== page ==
Archives: Resources

Local Eating

By Marina Schauffler Recent media attention on local foods has raised public awareness about the health benefits and community returns from thriving local agriculture. Often, though, stories portray local “foodies” as purists fixated on 100-mile diets that banish even imported condiments. Eating from local sources comes off looking like an extremist food fad, rather than

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A Brief History and the Effects of Low Impact Forestry at MOFGA

By Sam Brown The Low Impact Forestry (LIF) Project was formed in the early 1990s by a small group of central Maine loggers, foresters, scientists and landowners concerned about effects that then-current forest harvesting practices were having on Maine’s soils, waters, plants and humans. The LIF Project was committed to finding examples of excellent forestry,

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Meat Processing Terminology

Beef Made Easy Cut Chart used with permission of the National Cattlemen’s Beef Association. Talking to Your Butcher By Diane Schivera, M.A.T. When you bring animals to be processed, you need to have a clear understanding with your butcher to get the product you desire. You need to know the terms being used, and you

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In the Orchard Starting the Season

European apple sawfly larva damage. Photo by C.J. Walke By C.J. Walke As winter draws to a close, the days continue to lengthen and we approach early March, it is time to prune the orchard (see The MOF&G, Dec. 2010-Feb. 2011), collect scionwood for grafting, prepare to plant young trees and patiently await the brilliant

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Managing Nitrogen Fertility

Nitrogen deficiency often appears as a uniform yellowing on the lower leaves of plants. English photo. By Eric Sideman, Ph.D. Nitrogen (N) is the nutrient most commonly limiting crop growth and yield on organic farms. This is especially true when creating a farm from an old, abandoned field and when transitioning from conventional to organic

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Understanding Farm Food Safety

By Cheryl A. Wixson Passage of the Federal legislation S.510: FDA Food Safety Modernization Act reflects consumers’ needs and desires for assurance that their food supply is free from pathogens and contaminants that cause foodborne illnesses. Russell Libby, MOFGA’s executive director, logged countless hours in Washington, D.C., advocating for small, diversified farms as the bill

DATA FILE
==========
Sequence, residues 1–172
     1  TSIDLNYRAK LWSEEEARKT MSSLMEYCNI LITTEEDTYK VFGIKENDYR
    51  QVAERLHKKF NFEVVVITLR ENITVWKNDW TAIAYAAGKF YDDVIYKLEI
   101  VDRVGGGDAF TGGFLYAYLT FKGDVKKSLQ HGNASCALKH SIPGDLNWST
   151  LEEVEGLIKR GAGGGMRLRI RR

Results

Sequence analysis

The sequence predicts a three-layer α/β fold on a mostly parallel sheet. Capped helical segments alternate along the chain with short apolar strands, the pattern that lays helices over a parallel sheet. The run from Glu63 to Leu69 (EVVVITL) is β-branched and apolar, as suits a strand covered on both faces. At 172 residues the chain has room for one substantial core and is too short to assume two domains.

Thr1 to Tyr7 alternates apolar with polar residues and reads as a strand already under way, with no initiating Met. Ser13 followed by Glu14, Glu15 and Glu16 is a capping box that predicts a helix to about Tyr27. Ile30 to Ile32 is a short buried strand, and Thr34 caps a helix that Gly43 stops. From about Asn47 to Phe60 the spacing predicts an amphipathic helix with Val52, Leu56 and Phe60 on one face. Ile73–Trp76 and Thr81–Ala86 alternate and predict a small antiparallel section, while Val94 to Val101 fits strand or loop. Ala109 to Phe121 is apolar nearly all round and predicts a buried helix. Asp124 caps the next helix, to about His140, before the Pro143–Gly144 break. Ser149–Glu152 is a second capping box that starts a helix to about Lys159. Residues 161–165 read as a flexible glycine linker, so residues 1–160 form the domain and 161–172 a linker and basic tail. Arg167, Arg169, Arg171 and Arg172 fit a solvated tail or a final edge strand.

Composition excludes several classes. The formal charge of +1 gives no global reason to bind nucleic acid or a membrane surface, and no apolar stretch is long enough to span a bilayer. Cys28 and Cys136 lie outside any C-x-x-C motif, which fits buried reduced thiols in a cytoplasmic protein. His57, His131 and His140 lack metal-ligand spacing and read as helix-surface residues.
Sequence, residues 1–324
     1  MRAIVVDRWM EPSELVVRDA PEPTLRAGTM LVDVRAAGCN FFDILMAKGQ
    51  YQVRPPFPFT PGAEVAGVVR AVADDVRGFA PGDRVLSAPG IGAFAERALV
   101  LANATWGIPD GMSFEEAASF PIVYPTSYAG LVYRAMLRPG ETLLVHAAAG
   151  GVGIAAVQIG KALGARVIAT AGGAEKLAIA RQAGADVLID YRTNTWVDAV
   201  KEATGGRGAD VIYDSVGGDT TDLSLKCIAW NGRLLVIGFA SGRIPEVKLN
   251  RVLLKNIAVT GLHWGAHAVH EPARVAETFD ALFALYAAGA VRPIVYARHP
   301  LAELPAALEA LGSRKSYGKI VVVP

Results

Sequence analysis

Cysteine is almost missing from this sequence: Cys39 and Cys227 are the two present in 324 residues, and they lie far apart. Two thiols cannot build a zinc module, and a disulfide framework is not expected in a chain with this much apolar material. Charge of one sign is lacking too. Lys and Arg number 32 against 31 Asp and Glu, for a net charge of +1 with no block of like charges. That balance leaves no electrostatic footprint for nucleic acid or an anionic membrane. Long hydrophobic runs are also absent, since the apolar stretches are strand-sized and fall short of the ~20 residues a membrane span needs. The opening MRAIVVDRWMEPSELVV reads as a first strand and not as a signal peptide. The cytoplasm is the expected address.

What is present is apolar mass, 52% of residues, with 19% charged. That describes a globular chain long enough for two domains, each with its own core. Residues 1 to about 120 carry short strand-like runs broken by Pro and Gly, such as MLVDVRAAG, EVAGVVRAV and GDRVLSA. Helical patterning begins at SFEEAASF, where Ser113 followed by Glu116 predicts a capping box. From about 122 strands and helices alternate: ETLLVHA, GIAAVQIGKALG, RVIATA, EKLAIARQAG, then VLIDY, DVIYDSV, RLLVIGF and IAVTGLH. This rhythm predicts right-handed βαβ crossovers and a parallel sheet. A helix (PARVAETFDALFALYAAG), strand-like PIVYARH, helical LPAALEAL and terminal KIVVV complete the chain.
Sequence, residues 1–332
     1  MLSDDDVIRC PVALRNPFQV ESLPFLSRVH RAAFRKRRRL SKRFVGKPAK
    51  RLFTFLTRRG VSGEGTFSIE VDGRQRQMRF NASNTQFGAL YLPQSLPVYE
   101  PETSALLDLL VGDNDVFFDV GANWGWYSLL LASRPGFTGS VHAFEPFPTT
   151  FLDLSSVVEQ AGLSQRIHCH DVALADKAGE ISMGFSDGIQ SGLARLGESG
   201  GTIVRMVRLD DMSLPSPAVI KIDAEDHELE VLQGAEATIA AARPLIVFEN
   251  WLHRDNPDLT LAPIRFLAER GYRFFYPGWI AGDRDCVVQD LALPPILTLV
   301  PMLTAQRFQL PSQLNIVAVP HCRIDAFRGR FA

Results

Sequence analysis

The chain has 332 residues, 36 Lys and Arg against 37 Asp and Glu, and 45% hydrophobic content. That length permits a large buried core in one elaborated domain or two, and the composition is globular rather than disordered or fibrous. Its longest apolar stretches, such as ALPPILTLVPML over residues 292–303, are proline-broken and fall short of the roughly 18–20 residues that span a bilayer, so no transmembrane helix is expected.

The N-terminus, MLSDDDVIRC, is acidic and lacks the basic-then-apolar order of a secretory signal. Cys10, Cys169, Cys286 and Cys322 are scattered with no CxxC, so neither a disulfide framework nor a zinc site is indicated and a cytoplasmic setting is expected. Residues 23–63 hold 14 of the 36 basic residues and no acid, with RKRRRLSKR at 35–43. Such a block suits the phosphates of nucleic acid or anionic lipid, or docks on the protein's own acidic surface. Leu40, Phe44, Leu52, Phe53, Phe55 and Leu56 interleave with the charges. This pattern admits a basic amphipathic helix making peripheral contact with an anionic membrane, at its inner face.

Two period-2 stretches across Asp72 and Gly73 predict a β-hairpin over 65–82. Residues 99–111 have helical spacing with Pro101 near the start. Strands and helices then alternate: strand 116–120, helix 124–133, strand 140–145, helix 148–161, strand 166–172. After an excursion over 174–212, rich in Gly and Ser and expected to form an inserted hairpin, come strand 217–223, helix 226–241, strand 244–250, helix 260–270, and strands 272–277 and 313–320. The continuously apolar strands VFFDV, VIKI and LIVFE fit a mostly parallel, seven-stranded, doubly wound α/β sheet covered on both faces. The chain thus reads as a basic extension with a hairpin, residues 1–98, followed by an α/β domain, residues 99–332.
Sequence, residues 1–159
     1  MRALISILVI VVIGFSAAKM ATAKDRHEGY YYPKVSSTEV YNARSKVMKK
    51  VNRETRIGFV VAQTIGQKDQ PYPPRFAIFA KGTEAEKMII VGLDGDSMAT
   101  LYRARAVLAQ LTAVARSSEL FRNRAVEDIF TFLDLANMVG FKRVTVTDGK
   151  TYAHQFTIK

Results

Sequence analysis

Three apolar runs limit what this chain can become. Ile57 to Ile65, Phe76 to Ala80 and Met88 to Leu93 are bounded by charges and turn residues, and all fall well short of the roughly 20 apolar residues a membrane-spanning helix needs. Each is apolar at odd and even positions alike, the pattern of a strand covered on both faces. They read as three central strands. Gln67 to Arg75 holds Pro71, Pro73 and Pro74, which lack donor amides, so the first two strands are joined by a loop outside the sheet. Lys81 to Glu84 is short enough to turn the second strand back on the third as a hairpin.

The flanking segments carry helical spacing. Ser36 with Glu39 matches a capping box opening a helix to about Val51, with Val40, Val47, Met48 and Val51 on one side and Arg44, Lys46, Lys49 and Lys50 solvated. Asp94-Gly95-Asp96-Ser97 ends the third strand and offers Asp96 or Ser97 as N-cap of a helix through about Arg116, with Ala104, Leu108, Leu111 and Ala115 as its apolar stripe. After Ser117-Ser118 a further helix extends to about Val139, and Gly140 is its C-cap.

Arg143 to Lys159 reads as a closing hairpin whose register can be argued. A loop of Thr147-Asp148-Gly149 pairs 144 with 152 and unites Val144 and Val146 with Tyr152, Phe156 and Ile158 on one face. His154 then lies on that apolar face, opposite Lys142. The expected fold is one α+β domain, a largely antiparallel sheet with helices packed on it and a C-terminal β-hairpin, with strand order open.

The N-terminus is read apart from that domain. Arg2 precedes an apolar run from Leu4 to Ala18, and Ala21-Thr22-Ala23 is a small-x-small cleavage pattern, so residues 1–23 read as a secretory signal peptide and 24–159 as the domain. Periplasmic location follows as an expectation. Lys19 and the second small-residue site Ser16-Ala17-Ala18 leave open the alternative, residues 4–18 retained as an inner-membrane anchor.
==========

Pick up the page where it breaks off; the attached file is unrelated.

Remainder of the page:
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Harvest Kitchen Dry Beans

Sam Birch grows more than 100 varieties of beans and displays them at the Common Ground Country Fair Exhibition Hall each fall. English photo. Dry beans at Common Ground’s Exhibition Hall. English photo. By Roberta Bailey “Beans, beans, the magical fruit … ” I have been thinking that Jack (of beanstalk repute) wasn’t so crazy

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Quince drawing by Toki Oshima By Roberta Bailey Dating back over 4000 years and originating in Persia and Anatolia, quince was once the most popular fruit grown. In the Middle Ages, quince were so highly esteemed in France that a quince preserve or marmalade called contignac was the gift to visiting royalty. When Joan of

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Flavored Vinegars

Toki Oshima drawing By Roberta Bailey Summer is winding to a close. Even as the days cool, we scramble to pack in a few more picnics, one last long swim, and another slice of watermelon. In the garden, the race is on to ripen the remaining green tomatoes, pick the late sweet corn, bring in

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Seed Growing

Epigram to an Aroostook Potatoman By Nicolas Lindholm Seed saving has become a popular pastime and passion for many gardeners and farmers, primarily on a limited or experimental basis, and usually just for their own use. Yet an increasing number of small-scale, diversified farms are growing and marketing vegetable, flower and herb seeds as a

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